U.S. working out details of U.S. plan to send LCS to Singapore
Cutaway General Dynamics LCS (Image from Defense Industry Daily) Singapore Defense Minister Ng Eng Hen has said that Singapore and th...
|Cutaway General Dynamics LCS (Image from Defense Industry Daily)|
Singapore Defense Minister Ng Eng Hen has said that Singapore and the United States are working out the details of a U.S. plan to deploy "littoral combat ships" to the city-state as part of its latest defense strategy in Asia.
The plan was announced by then U.S. Defense Secretary Robert Gates at the "Shangri-La Dialogue" Asian security meeting in Singapore in June this year.
"We welcome that proposal by Secretary Gates and we are working out the details, whether it's one or two littoral combat ships here," Ng said in an exclusive interview with Kyodo News recently.
"The U.S. presence here is a force for stability and we are happy to facilitate that access and we will continue to do so. We are also looking at other areas that we can deepen our cooperation under our framework agreement with the U.S.," he said.
In a speech at the security meeting in Singapore, Gates said that the United States will enhance its presence in Southeast Asia and into the Indian Ocean as part of an overall strategy to establish a defense posture across the Asia-Pacific that is "more geographically distributed, operationally resilient and politically sustainable."
In this context, Gates had mentioned plans to increase military training, combined defense activities and shared use of facilities with Australia, and also strengthen its bilateral defense relationship with Singapore, notably by deploying the LCS to the city-state.
"It's not a large presence, they are not basing here, just having access," Ng said, adding that he also does not expect Singapore to be the only port from where the LCS will go to other countries within the region.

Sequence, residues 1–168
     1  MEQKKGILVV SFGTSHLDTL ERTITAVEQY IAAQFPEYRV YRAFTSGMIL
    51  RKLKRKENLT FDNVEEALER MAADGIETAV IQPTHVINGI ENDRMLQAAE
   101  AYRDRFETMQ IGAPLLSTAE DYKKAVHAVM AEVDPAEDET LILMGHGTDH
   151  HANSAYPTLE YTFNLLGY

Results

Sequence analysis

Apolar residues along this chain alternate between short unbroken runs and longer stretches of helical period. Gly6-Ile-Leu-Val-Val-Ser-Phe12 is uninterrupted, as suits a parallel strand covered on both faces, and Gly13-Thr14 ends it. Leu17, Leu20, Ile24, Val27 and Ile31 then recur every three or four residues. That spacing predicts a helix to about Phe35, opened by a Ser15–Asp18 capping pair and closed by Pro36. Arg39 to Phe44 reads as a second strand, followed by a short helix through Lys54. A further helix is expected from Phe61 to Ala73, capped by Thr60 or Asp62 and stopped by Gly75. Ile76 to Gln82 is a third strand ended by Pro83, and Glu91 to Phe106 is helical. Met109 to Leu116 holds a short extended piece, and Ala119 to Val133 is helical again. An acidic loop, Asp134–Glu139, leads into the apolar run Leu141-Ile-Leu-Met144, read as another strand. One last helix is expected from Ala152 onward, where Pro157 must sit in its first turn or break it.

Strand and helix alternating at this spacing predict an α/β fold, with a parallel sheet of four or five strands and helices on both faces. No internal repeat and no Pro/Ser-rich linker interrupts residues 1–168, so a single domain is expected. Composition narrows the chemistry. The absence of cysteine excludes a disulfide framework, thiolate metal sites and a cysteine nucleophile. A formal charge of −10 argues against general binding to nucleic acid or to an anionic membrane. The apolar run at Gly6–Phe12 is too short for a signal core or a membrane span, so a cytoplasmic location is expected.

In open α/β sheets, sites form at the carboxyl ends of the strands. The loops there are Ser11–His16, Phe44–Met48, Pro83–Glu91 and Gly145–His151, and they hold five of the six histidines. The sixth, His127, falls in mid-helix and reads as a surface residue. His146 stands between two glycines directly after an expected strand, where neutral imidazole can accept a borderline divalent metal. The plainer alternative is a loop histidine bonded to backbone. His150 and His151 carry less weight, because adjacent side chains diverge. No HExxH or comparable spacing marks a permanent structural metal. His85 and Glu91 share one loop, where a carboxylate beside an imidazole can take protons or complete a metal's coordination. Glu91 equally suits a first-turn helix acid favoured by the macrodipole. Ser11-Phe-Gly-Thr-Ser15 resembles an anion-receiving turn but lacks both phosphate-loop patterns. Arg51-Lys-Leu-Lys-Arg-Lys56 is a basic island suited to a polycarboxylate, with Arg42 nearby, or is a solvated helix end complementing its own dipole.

The LCS, which first appeared in the U.S. Navy in late 2009, is designed for operating close to shore in support of land-based operations. Meant to be flexible, it has the capability to thwart obstacles such as underwater mines, cope with multiple attacks from smaller and swifter boats and detect near-silent diesel submarines.
Due to its flexibility, the LCS is "easy to accommodate," he said.
The plan comes under the "Strategic Framework Agreement for a Closer Cooperation Partnership in Defense and Security," which was signed between Singapore and the United States in 2005.
Singapore has had close defense ties with the United States as far back as 1990 when a bilateral memorandum of understanding was forged that gives the United States access to Singapore's military facilities, allowing the United States to deploy its fighter jets here on a rotational basis and for U.S. Navy ships to stop by Singapore for refueling and repair.
Ng also stressed that Singapore's Changi Naval Base is not just utilized by the U.S. Navy but also by many other countries, including Japan, which happens to be one of the top three users of the base.
He said the security of the region needs to be well-managed as it includes the South China Sea, where there is a territorial dispute, and the Malacca Strait, one of the world's most important sea lanes.
"This is a strategic waterway, it's the main artery, if it chokes, the whole world suffers. It's in the interest of everyone that we recognize that forces are changing, the tectonic plates are moving, and if you don't handle it well, some can tip."
"Going forward, we have to adjust to the increasing influence of China and India," he said. "As different stakeholders grow economically, different balance in military powers, we have to adjust to one another, I would say it is delicate."
"I think all stakeholders are fully conscious that if you don't do it well, if you don't do it strategically and in the framework that accommodates all these changing aspects, you can end up with a less than optimal situation, which can give rise to tension and skirmishes," he said.
In this context, Singapore sees the U.S. military presence in the region as a stabilizing factor.
"The U.S. presence here has been benign and productive and positive. It's helped provide a force for stability," he said.